Because the inverse transform of a transform returns the original function, this allows a definition of an interesting function called the Dirac delta function . Combining the two equations in Eq. 185 into a single equation, and then interchanging the order of integration:
(188) 
(189) 
(1810) 
The delta function can be used to derive an important conservation theorem.
If represents the density of some function (i.e., a wavefunction like ), the squaremagnitude of integrated over all of space should be the total amount of material in space.
(1811) 
(1812) 
(1813) 
The proof is straightforward that the convolution of two functions, and , is a Fourier integral over the product of their Fourier transforms, and :
(1814) 
Another way to think of this is that ``the net effect on the spatial function due two interfering waves is contained by product the fourier transforms.'' Practically, if the effect of an aperture (i.e., a sample of only a finite part of real space) on a wavefunction is desired, then it can be obtained by multiplying the Fourier transform of the aperture and the Fourier transform of the entire wavefunction.
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Creating Lattices for Subsequent Fourier Transform
A diffraction pattern from a group of scattering centers such atoms is related to the Fourier transform of the ``atom'' positions:

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Discrete Fourier Transforms
A Fourier transform is over an infinite domain. Numerical data is seldom infinite, therefore a strategy must be applied to get a Fourier transform of data. Discrete Fourier transforms (DFT) operate by creating a lattice of copies of the original data and then returning the Fourier transform of the result. Symmetry elements within the data appear in the Discrete Fourier transform and are superimposed with the Transform of the symmetry operations due to the virtual infinite lattice of data patterns. Because there are a finite number of pixels in the data, there are also the same finite number of subperiodic wavenumbers that can be determined. In other words, the Discrete Fourier Transform of a image will be a data set of wavenumbers:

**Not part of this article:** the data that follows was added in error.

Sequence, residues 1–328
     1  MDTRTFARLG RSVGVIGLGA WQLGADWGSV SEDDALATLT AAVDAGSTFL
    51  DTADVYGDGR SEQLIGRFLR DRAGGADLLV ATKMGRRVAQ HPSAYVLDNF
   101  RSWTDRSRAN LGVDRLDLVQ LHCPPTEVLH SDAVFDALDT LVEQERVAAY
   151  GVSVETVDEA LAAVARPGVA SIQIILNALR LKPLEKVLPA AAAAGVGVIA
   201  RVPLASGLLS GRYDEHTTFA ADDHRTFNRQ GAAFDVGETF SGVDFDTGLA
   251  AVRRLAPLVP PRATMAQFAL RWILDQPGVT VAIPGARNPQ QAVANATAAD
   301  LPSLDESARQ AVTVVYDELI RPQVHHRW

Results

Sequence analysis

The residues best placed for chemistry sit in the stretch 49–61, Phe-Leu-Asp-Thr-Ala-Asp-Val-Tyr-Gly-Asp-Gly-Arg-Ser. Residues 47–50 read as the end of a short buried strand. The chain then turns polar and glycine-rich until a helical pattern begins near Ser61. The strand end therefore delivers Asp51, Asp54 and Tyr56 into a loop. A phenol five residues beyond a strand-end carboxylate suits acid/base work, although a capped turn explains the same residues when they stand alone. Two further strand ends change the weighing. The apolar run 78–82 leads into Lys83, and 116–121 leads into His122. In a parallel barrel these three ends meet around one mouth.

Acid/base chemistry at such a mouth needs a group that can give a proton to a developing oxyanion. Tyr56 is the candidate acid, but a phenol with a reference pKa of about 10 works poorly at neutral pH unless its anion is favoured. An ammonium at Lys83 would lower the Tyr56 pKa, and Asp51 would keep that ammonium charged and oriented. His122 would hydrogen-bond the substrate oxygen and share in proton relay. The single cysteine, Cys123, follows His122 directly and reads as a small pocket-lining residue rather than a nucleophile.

representing the amplitudes of the indicated periodicities.

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Fourier Transforms on Lattices with Thermal Noise
Lattices in real systems not only contain defects, but also some uncertainty in the positions of the atoms because of thermal effects such as phonons.

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Imaging from Selected Regions of Reciprocal Space
To select and interpret different regions of Fourier space, a function will be produced that selects a particular region of the Fourier Space (i.e., as selected set of possible periodicities) and then visualize the BackTransform of only that region.

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Taking Discrete Fourier Transforms of Images
A image in graphics format, such as a .gif, contains intensity as a function of position. If the function is grayscale data, then each pixel typically takes on discrete gray values between 0 and 255. This data can be input into MATHEMATICA and then Fourier transformed.